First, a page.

We are blowing through literature, ghee, and coconut oil, so it seems the fats revolution is catching on! The most important piece of information we can convey is that it really matters how the animal was raised or how the oil was processed. There is a huge difference between factory-farmed meat, eggs, and dairy, and grass-fed, pastured animal products.
First let’s look at Barbara’s question regarding fats and osteoporosis, with a focus on sesame oil. Rick wrote up a sensible response, below. Please note: We are not doctors or certified nutritionists, just well-read, well-practiced individuals. We cannot and do not wish to imply that anything we write or say will diagnose, treat, cure, or mitigate disease. Each person’s constitution and specific circumstances determines her or his level of health and any appropriate adjustments. While we may not always agree with the medical establishment in our country, we certainly respect the ideals of safety for which the FDA etc. were created. The choices and resources at our fingertips in our nation and community are indeed incredible, and for that we are grateful. If you are on the hunt for a medical practitioner who embraces holistic methods, please see our ever-expanding Practitioner Directory. Our bulletin board in-store is also full of folks who have trained in health and nutrition counseling. We encourage you to avail yourselves of their knowledge.
“Fats are crucial to bone health, although it is somewhat of a controversial subject with regards to which fats and in what amounts. Without doubt, every meal should contain at least a solid serving of a nutritious, minimally-processed fat. The fat-soluble nutrients (vit A, D, E and K) all play a role in calcium uptake and bone support, and cannot be absorbed by the gut if there is an absence of fat in the diet. Butter, ghee and coconut oil, rich in saturated fats, are often considered excellent foods for boosting the absorption of these (and other) nutrients. also consider the fact that grass-fed butter in particular contains a small but appreciable amount of vitamins D, A and K2.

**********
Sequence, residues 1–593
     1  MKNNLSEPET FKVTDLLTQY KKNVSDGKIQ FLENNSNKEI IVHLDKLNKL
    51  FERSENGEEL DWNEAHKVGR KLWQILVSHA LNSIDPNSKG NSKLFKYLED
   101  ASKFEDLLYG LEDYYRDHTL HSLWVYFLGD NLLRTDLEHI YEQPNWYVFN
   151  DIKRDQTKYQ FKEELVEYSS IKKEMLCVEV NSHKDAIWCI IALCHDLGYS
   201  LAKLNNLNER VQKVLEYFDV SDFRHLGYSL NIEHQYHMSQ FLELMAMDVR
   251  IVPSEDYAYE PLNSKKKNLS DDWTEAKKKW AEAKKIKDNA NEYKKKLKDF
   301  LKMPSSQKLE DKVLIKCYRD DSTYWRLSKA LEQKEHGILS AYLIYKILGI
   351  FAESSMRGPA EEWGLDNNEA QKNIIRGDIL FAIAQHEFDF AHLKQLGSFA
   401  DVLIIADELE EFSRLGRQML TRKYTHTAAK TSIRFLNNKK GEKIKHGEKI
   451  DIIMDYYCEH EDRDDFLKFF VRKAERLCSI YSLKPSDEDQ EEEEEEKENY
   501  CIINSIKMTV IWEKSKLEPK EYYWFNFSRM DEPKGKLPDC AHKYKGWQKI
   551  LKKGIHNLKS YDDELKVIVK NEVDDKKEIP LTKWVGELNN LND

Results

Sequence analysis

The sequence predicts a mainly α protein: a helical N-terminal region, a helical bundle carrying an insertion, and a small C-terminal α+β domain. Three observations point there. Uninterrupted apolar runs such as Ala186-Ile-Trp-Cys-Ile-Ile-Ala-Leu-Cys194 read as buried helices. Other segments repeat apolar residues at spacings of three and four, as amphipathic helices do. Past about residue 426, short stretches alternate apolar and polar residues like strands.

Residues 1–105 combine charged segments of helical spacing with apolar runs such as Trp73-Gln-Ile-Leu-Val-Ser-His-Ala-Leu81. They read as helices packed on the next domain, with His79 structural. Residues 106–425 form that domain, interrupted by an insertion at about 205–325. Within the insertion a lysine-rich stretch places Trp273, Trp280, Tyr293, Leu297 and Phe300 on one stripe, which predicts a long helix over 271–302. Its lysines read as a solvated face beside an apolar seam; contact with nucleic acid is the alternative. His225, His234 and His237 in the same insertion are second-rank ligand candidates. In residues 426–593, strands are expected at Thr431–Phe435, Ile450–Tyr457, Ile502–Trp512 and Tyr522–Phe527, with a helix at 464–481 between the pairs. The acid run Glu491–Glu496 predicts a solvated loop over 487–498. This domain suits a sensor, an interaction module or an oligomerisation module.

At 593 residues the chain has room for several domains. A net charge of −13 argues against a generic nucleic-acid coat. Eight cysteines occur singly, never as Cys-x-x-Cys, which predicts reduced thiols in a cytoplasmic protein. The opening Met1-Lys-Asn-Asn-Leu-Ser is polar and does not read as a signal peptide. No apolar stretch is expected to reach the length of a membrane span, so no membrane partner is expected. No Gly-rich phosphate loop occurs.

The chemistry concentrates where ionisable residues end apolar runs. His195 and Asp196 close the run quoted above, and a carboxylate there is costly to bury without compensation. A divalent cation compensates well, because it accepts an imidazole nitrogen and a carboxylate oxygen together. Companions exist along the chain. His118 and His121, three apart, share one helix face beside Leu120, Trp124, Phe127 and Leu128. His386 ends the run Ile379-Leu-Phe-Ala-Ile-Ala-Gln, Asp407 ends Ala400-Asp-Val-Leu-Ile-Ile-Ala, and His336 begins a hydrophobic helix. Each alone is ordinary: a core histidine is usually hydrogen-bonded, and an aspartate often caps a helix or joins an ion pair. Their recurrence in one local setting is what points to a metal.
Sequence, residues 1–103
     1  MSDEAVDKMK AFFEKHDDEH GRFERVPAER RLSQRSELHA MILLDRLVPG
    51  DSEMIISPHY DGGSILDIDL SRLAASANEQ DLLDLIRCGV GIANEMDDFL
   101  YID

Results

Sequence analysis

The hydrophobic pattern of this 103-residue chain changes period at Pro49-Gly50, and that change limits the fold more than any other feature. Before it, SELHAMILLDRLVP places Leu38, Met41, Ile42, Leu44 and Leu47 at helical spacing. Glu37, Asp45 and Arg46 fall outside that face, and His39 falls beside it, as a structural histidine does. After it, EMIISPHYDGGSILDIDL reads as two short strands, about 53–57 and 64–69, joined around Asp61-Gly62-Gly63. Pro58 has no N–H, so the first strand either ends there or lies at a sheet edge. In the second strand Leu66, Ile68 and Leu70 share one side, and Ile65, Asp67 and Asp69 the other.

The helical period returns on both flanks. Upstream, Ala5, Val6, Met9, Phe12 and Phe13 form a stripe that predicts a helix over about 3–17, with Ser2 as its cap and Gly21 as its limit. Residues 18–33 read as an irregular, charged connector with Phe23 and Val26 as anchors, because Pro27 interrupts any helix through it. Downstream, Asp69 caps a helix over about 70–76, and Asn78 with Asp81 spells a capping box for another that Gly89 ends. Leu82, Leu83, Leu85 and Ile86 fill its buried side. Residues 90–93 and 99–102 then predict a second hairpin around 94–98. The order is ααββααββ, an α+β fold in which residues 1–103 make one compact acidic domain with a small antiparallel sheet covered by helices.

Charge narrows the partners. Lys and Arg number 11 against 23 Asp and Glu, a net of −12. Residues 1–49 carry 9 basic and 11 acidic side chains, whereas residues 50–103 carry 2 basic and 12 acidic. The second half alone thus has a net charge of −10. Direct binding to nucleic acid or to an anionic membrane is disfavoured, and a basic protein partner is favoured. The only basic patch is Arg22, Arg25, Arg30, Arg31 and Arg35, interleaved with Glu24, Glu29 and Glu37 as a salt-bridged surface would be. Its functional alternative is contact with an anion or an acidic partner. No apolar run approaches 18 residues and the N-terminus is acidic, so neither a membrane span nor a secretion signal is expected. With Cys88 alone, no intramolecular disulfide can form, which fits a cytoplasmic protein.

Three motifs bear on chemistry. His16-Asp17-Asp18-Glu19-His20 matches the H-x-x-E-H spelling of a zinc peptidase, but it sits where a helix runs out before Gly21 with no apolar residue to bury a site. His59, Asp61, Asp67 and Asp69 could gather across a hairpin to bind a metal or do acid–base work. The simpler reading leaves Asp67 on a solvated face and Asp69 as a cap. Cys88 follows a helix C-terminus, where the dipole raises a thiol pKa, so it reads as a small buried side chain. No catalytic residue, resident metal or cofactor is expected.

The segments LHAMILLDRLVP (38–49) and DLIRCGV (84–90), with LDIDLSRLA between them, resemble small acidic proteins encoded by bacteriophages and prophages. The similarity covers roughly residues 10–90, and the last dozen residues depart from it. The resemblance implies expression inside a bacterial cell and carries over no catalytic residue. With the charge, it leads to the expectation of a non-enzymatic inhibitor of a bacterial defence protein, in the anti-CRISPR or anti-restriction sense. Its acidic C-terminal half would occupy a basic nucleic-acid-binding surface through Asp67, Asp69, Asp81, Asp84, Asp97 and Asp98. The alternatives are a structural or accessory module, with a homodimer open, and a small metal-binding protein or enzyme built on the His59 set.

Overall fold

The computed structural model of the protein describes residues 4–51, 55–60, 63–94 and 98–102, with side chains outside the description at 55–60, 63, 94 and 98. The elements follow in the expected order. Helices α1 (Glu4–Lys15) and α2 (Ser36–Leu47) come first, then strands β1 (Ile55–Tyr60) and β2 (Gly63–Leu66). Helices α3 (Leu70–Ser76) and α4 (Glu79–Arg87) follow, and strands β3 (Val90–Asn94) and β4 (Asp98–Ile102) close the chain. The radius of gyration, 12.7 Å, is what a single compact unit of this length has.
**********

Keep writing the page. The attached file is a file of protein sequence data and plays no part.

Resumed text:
“Another consideration with regards to fats are whether or not they produce inflammation in the body. Excess inflammation can foster accelerated bone loss, while fats, playing an integral role in the production of prostaglandins that either cause or resolve inflammation, can work either for or against the longevity of your bones. Processed and refined oils, such as canola, corn, soybean, REFINED sunflower, REFINED sesame and safflower, will often yield free radicals and potential harmful oxidation–which the body responds to with inflammation. Multiple studies have shown that alpha-linolenic-acid, an omega-3 fat found in walnuts, flaxseeds, chia, hemp et al. can help to prevent excessive bone turnover by influencing and modulating our metabolism of inflammation. Small amounts of sesame oil might also be helpful, as it has been studied for having bone preserving effects–possibly because of its high antioxidant content (sesamol) and the fact that sesame seeds themselves are rather high in calcium.” Thanks for asking!
One of our dearest customers Tracy recommended a product this week: “One new product that I have really enjoyed is Earth’s Balance Coconut Spread. Great taste and a good fat.” This spread can be found to the right of the milk refrigerator, with the butters.
Also of note this week is an article Bob discovered that pertains directly to the potentially devastating effects of the low-fat, low-sunshine diet- this time, about autism. Not everything Dr. Mercola says should be taken as law, but his research is extensive and reliable. We certainly *do not* mean that mothers are to “blame” for yet another unfortunate side effect of our pharma- and quick-fix obsessed culture. Rather, we mean that it is high time for the same old song and dance to be revised so that mothers and children (and everyone else) alike can stop suffering under such faulty information. Please share this article with anyone you know who is looking forward to conceiving in the future. Regarding the myelin sheath around our nerves: magnesium is a crucial component of the same. According to Donna, our staff RN/Herbalist, magnesium has been deficient in our soil since the 1920′s. For some in-depth info, follow this link and scroll down to the section on magnesium. Further discussion on the role of sugar and magnesium depletion can be found here. Again, take everything you read with a grain of salt. The Franklin Institute site seems based in decent information and unbiased by Big Food or Big Drug. Mineral balance is a complex topic, and an important piece of total health.